I first got into computers in the 8088 days, but I started to do it professionally when Socket 5 was transitioning to Socket 7. The Pentium 133 based Quantex system I bought after the Atlanta Olympics catapulted me into the modern computer age (I was previously using an Intel 386SX-16 MHz system from DAK… don’t get me started on that company). It was also when AOL was the only internet service in Laramie, WY. I started browsing hardware retailers and then moved onto independent review sites that were only then just popping up. Tom’s and Anandtech were very new and did not feature many pictures because digital cameras were still quite rare.
Remember when the 1/5/2 setup was considered optimal? It allowed for the good modem and good soundcard to be installed!
One of the big shifts of the time is when Intel abandoned Socket 7 and forged ahead with Slot 1. AMD had fit the K6 into the Socket 7 infrastructure, though it was initially designed for a proprietary socket. Intel had the Pentium II line and things were moving fast in those days. AMD was providing competition for Intel with excellent integer performance and adequate floating performance, as well as providing a socketed product that was cheaper to produce for both AMD and its motherboard partners. Socket 7 was then morphed into Super 7 with support for 100 MHz FSB speeds. This was a big jump for AMD as they spearheaded this move. Cyrix, IBM, and Winchip all went along for the ride, but they often supported oddball bus speeds that did not always translate well into bus dividers for AGP and PCI.
The first wave of AGP enabled chipsets that also supported bus speeds above 66 MHz finally hit the market, and one of the first was the SiS 5591. One of the first boards to support this chipset was the MTech R581A. The board showed jumper settings that supported 100 MHz, but it was far from stable at that speed. It did fully support 83.3 MHz, which gave many socket 7 users a nice boost when overclocking. The first true 100 MHz chips were the VIA MVP-3 and the ALi M1571 (Aladdin V). These natively supported the 100 MHz bus and ran it perfectly fine. These chipsets allowed the later K6-2 and K6-3 chips to exist and compete successfully with the 100 MHz based Pentium IIs.
This particular model included the onboard ESS sound chip. Pretty posh for the time. Oh yes, there was a time before USB 2.0…
I had a heck of a time getting a hold of a VIA MVP-3 based motherboard at first, and I never actually laid hands upon any Aladdin V based unit during that time. There was no Newegg or Tiger Direct back then, and most major distributors like Tech Data did not always stock a wide selection of products. I was also not making a whole lot of money. I was particularly jealous of all these other sites getting access to review hardware, but then again at this time I had only a handful of articles out and I had not even started Penstarsys.com yet. So when guys like Tom and Anand got their hands on the Asus P5A, it was most definitely must-read material.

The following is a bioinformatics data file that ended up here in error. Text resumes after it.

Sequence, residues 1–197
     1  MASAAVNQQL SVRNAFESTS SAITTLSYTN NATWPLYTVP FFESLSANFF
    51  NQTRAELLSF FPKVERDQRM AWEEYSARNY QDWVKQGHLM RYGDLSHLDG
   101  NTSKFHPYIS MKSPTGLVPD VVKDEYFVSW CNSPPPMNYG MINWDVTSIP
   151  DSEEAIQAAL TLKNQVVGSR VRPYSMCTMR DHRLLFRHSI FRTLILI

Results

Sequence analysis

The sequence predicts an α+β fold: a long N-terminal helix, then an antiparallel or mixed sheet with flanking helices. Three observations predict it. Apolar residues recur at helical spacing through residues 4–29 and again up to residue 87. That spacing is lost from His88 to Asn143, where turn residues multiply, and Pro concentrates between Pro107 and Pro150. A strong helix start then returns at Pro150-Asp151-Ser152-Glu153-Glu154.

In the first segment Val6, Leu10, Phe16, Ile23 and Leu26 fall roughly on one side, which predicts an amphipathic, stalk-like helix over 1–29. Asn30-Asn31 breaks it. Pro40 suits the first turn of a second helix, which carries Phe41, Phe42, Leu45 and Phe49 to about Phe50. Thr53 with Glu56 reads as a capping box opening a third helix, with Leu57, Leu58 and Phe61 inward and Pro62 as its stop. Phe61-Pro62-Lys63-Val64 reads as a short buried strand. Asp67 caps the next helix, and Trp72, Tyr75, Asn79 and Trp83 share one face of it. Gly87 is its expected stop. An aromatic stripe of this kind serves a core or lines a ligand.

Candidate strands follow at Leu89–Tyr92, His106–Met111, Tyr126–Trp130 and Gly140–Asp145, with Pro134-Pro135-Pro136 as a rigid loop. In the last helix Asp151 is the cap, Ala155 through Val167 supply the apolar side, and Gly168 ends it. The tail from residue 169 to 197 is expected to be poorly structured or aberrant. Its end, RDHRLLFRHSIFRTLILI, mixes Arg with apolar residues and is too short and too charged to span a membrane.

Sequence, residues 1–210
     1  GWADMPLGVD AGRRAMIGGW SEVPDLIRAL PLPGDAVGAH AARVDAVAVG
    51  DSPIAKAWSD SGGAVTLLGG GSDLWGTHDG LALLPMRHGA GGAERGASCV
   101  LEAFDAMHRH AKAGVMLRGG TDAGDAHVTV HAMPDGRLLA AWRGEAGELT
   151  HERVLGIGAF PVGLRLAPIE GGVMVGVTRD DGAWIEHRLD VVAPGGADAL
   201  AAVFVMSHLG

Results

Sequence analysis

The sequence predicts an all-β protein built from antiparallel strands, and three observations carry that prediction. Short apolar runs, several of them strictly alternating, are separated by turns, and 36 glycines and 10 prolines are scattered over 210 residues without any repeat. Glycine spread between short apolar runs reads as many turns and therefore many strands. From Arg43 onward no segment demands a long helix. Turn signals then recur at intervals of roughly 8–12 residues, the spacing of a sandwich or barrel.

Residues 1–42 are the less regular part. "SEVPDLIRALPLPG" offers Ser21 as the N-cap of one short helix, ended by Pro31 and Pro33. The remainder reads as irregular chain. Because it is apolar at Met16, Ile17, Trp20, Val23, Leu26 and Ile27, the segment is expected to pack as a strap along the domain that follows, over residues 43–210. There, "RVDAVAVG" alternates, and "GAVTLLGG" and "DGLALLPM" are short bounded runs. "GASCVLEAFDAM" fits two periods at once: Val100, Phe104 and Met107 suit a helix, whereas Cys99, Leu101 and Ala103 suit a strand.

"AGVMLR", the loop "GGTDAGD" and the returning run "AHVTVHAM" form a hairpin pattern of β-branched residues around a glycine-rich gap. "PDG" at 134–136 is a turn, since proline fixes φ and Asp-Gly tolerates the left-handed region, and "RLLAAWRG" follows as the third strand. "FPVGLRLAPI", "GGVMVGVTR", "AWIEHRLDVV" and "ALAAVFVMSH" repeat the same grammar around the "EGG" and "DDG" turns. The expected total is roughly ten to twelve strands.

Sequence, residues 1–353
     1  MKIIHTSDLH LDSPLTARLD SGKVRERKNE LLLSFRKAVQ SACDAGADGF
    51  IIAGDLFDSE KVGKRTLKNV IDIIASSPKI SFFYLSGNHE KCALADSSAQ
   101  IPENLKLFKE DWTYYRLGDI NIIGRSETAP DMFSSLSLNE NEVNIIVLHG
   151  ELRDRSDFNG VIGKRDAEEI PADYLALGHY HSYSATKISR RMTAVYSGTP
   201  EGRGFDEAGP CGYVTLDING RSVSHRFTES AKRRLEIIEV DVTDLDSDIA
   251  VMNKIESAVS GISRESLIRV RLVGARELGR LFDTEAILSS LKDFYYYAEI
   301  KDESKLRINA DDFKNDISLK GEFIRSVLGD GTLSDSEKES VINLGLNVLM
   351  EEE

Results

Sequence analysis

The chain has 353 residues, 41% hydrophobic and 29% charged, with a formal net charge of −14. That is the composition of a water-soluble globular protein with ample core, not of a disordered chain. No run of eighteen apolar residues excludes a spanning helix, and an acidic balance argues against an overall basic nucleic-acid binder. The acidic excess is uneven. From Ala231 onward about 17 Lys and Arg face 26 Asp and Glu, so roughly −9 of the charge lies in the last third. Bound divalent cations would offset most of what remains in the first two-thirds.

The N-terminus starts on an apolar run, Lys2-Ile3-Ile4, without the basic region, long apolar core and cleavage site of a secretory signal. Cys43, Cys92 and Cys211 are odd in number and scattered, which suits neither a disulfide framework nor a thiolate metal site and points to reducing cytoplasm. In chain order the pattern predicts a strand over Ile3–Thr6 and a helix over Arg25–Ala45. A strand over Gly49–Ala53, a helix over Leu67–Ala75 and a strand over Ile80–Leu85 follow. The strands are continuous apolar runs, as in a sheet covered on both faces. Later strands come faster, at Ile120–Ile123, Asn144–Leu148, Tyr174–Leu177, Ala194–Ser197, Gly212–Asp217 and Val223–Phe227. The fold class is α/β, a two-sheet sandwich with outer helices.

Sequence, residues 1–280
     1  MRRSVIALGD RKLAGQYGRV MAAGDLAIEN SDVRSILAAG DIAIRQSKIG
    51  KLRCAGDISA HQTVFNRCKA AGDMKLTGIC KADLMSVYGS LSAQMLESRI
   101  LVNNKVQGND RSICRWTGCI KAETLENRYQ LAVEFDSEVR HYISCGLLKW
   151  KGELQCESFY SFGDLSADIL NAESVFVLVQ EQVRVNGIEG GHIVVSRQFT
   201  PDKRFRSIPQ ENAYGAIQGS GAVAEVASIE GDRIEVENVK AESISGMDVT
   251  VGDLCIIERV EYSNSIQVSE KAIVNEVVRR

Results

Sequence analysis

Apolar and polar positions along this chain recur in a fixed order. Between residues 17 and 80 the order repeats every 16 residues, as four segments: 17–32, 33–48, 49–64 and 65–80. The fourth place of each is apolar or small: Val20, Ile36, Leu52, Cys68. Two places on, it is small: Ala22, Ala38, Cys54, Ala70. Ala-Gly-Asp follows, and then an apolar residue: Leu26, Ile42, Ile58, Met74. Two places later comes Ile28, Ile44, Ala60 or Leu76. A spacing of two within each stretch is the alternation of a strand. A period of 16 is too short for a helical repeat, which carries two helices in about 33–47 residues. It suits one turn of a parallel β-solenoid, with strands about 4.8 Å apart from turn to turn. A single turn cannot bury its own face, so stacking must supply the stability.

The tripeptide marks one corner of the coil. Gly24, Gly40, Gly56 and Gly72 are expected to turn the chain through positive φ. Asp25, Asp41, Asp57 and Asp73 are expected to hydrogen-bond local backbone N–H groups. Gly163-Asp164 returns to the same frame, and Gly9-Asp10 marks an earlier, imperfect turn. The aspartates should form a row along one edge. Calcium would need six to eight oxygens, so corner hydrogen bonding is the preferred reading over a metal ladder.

This was one of the first 100 MHz Super 7 based boards out there, as VIA was having some real issues with their MVP-3 chipset. Eventually VIA fixed those issues, but not before ALi had a good couple of months’ lead on their primary competitor. Of great interest for this board was the ability to run at 120 MHz FSB. Very few boards could handle that speed well, but the 115 MHz setting seemed very stable. I/O performance was also a step above the VIA chipsets, but VIA was fairly well known for having strange I/O issues at that time (not to mention AGP compatibility issues). The Asus P5A was a great board for the time, and it did not suffer much from the AGP issues that plagued VIA. Oddly enough, though ALi had the better overall chipset, they did not sell as well as the VIA products. Asus still shipped a lot of them, so I guess that made up for the more limited selection.
That is a single phase power… array? Look at all that open space throughout the board!
Super 7 was a dying breed by 1999 with the introduction of the K7 Athlon, but the P5A sold very well throughout its entire lifespan. The board I acquired had the K6-2 500 in the socket, and a BIOS update would provide support for the later K6-3+ and K6-2+ processors. What perhaps strikes me most is the overall simplicity of the boards as compared to modern products. The P5A looks like it has a single power phase going to the CPU, does not feature integrated Ethernet or other amenities, and only has two ATA-33 ports. Interestingly enough, it does feature a ESS based audio codec. Rare for those days! Compare that to the monster products like the Crosshair V Formula Z or the G1.Sniper.3, I guess simplicity is overlooked these days?